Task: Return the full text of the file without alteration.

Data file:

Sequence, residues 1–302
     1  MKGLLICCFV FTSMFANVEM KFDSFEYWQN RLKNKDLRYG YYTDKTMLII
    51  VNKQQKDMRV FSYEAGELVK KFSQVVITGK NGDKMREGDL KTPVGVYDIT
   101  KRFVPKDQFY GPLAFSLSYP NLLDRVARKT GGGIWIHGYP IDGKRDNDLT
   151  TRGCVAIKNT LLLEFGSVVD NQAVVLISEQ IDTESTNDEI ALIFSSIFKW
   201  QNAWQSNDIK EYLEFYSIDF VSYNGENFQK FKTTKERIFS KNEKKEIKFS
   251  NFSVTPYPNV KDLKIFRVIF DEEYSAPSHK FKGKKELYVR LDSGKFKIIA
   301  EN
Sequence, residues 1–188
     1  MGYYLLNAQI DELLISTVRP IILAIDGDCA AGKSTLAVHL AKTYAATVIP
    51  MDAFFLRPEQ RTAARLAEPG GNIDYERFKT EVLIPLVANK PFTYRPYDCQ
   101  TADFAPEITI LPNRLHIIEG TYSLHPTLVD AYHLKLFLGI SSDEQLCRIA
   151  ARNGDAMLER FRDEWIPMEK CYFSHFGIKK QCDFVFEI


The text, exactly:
Sequence, residues 1–302
     1  MKGLLICCFV FTSMFANVEM KFDSFEYWQN RLKNKDLRYG YYTDKTMLII
    51  VNKQQKDMRV FSYEAGELVK KFSQVVITGK NGDKMREGDL KTPVGVYDIT
   101  KRFVPKDQFY GPLAFSLSYP NLLDRVARKT GGGIWIHGYP IDGKRDNDLT
   151  TRGCVAIKNT LLLEFGSVVD NQAVVLISEQ IDTESTNDEI ALIFSSIFKW
   201  QNAWQSNDIK EYLEFYSIDF VSYNGENFQK FKTTKERIFS KNEKKEIKFS
   251  NFSVTPYPNV KDLKIFRVIF DEEYSAPSHK FKGKKELYVR LDSGKFKIIA
   301  EN
Sequence, residues 1–188
     1  MGYYLLNAQI DELLISTVRP IILAIDGDCA AGKSTLAVHL AKTYAATVIP
    51  MDAFFLRPEQ RTAARLAEPG GNIDYERFKT EVLIPLVANK PFTYRPYDCQ
   101  TADFAPEITI LPNRLHIIEG TYSLHPTLVD AYHLKLFLGI SSDEQLCRIA
   151  ARNGDAMLER FRDEWIPMEK CYFSHFGIKK QCDFVFEI